Trying to attack the poverty problem first starts with our families and our upbringing of kids. Why are there so many fathers running out on their families and leaving the mother to take care of it? How is that going to solve anything when we have 78% of African American families that have children living in poverty headed up by single moms. This is a big problem. We have some men who can’t seem to stay and help raise the children. We also have 29% of white children under 18 being raised by a single parent, 24% of those being a mom. Having kids that are brought up in low income homes with one parent isn’t going to help the problem. They aren’t going to have a very good chance of being able to get out of that situation. We need to change our families at home. We need to start acting like grown up men and women who don’t get scared and leave after the smallest little bump in the road in a relationship.

The other issue Colin Kaepernick raised was the issue of police officers killing “innocent” African Americans. First, Colin you are right. There are some innocent people getting killed. But, what is not helping the fact is that poor, drug ridden communities are getting noticed and some officers are associating certain crimes with a specific demographic.

Officers, almost all of you are doing an outstanding job protecting our streets and keeping law-abiding citizens safe. But, officers if you see those officers who are discriminating or judging certain groups of people, stop it. End the thought of racism in those few officers who are discriminating against certain people. Officers, I have the utmost respect for you and what you do. And, I believe almost all of you deserve that respect. But, if I or any other white person is put in the situation of compliance, and we don’t listen right away, treat us the same way you would a black person or a Hispanic person. Don’t racially profile someone and jump to certain conclusions. If they are an “innocent until proven guilty” citizen, don’t have your first reaction to shoot because they don’t comply right away or are “endangering” your safety. I respect the fact that you need to think of your safety and protection, and I believe most officers have done that well. Again, I have the utmost respect for you guys and what you do so please do not feel as if I don’t. Furthermore, as citizens and police officers, let’s try to attempt to fix this problem together.  It won’t be easy, but we need to at least try.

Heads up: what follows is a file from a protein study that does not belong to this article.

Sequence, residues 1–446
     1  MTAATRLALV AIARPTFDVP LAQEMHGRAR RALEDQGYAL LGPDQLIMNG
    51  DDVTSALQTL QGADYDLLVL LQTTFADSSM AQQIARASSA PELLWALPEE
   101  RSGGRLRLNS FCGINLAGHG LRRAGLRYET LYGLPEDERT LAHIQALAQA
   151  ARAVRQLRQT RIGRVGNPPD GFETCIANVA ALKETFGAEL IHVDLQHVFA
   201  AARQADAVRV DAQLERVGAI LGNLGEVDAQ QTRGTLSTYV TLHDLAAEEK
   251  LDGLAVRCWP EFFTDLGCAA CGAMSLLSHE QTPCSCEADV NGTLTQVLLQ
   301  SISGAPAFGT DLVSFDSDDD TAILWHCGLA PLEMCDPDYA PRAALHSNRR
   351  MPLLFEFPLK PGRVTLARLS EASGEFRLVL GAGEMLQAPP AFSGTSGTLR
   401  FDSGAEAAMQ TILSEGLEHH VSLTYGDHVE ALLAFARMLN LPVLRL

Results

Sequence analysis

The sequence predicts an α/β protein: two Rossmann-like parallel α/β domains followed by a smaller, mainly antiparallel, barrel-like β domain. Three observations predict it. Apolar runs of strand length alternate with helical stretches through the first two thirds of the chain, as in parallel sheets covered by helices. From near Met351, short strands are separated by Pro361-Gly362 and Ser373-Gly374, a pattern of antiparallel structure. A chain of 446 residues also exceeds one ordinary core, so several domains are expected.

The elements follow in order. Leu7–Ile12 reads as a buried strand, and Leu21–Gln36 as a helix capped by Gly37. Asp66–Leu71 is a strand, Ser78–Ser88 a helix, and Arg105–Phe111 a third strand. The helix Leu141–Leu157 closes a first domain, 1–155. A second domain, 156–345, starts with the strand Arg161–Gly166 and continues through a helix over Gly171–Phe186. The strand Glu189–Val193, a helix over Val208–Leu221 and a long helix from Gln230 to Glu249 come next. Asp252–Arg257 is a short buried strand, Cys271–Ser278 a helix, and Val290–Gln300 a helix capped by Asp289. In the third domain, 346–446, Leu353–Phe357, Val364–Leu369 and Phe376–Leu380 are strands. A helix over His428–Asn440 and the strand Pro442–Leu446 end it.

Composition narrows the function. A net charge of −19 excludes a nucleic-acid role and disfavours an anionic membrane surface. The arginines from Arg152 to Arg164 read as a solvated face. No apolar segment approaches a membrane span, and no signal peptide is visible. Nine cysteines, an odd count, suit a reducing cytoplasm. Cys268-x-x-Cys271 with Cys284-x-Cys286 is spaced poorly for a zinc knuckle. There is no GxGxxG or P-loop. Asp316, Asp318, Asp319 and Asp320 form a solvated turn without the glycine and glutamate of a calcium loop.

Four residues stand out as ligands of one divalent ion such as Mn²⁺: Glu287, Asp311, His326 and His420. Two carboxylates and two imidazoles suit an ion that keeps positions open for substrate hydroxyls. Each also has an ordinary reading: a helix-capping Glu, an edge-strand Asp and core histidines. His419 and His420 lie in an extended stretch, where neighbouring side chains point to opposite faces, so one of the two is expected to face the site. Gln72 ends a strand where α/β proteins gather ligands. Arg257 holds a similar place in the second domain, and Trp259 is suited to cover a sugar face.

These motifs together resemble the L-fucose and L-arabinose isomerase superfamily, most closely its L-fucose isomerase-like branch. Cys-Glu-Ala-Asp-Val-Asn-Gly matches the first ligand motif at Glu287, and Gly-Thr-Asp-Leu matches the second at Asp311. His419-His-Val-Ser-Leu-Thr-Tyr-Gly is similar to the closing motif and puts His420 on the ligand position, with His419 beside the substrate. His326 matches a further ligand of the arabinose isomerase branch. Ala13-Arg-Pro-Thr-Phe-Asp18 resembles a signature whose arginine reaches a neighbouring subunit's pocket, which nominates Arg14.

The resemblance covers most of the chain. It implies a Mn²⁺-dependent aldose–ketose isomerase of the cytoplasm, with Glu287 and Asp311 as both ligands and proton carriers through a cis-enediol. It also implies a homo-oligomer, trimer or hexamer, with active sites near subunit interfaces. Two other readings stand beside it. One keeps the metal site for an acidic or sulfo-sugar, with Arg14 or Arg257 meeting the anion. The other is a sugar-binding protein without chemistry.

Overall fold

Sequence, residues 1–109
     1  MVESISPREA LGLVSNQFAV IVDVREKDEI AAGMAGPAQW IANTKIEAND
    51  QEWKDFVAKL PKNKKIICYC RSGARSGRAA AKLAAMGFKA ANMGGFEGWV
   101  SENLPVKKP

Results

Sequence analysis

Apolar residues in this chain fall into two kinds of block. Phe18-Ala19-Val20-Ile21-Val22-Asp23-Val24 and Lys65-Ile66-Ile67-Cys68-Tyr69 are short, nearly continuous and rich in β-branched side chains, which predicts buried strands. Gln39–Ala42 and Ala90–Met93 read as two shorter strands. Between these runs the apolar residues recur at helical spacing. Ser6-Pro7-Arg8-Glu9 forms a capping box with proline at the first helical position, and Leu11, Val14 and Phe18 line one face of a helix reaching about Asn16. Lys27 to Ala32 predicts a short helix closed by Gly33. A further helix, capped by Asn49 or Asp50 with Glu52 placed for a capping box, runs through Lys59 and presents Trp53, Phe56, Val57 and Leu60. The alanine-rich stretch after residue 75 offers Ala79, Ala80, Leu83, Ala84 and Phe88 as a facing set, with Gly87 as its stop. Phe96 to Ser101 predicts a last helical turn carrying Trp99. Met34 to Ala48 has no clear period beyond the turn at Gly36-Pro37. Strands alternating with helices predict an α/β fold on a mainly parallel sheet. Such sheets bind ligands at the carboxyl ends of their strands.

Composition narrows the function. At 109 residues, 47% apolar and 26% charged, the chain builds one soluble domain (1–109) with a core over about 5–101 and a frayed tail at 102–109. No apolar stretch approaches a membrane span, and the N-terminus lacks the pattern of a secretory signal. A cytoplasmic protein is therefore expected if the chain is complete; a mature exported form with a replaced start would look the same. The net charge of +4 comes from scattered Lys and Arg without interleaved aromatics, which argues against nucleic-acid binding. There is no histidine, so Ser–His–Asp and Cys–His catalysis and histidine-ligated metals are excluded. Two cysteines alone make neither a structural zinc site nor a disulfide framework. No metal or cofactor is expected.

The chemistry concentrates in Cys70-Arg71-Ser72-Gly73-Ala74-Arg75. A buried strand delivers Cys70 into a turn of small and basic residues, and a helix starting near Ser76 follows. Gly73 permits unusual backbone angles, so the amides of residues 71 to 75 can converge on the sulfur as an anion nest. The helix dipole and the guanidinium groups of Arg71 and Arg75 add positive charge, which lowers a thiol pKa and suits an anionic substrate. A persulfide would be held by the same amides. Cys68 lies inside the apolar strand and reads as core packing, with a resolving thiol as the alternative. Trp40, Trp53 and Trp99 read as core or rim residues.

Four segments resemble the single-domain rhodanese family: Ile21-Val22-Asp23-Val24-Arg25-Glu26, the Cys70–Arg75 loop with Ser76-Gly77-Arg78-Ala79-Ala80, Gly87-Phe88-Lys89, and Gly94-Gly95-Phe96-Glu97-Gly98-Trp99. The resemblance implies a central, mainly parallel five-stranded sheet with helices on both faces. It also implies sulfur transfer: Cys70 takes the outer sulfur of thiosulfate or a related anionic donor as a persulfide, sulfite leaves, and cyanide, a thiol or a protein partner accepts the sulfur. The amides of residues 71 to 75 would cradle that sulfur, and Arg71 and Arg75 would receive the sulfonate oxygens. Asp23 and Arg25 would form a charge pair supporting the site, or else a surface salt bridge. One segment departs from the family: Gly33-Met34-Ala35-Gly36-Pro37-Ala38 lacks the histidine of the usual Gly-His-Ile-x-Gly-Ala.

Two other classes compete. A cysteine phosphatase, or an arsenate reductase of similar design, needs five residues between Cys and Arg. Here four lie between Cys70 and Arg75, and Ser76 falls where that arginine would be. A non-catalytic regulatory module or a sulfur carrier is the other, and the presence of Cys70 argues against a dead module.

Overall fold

Racism: such a tricky topic that is hard to talk about, in fact, I don’t even like using that word in this article, but we need to somehow change racist attacks and reject racist comments in this country. Where I feel racism comes into play is when we start identifying ourselves as black, white, brown, yellow, red, etc. We start defending our race when someone offends us; every race is guilty of this. We all of a sudden become easily offended and because of that, we start dividing ourselves. If we are trying to eliminate racism and discrimination against another race, then why are we still trying to find our identity in our race? This just creates division when we want to find our security and identity in our color. This type of thinking only exasperates the issues of profiling and discriminating. There shouldn’t be a specific law/s that protects one race, but protects all Americans, no matter the race.

We are all Americans. Stop demeaning and attacking one race, because honestly, that is racist in itself. I can guarantee you that there are good people in all colors and all demographics. Why can’t we all sit down together, as law-abiding Americans, and try to find a solution to the problem of discrimination against certain people groups? Let’s sit down and have conversations together as one nation and try to fix this ongoing problem.

This issue can not be fixed overnight, and I definitely don’t expect it to. These are just a few issues that stem from the idea of racism. But, my one plea to you is that you look at this issue head on and think about what am I doing or what can I do to try to make this country even better than it already is? How can I be part of the solution to this ongoing problem that our country has had to deal with since the creation of the United States? Be proactive. Do something. If someone desires true change, one doesn’t just stay silent. They speak up. So, what are you going to do to bring about true, positive change?

•Caleb Piersma, [email protected]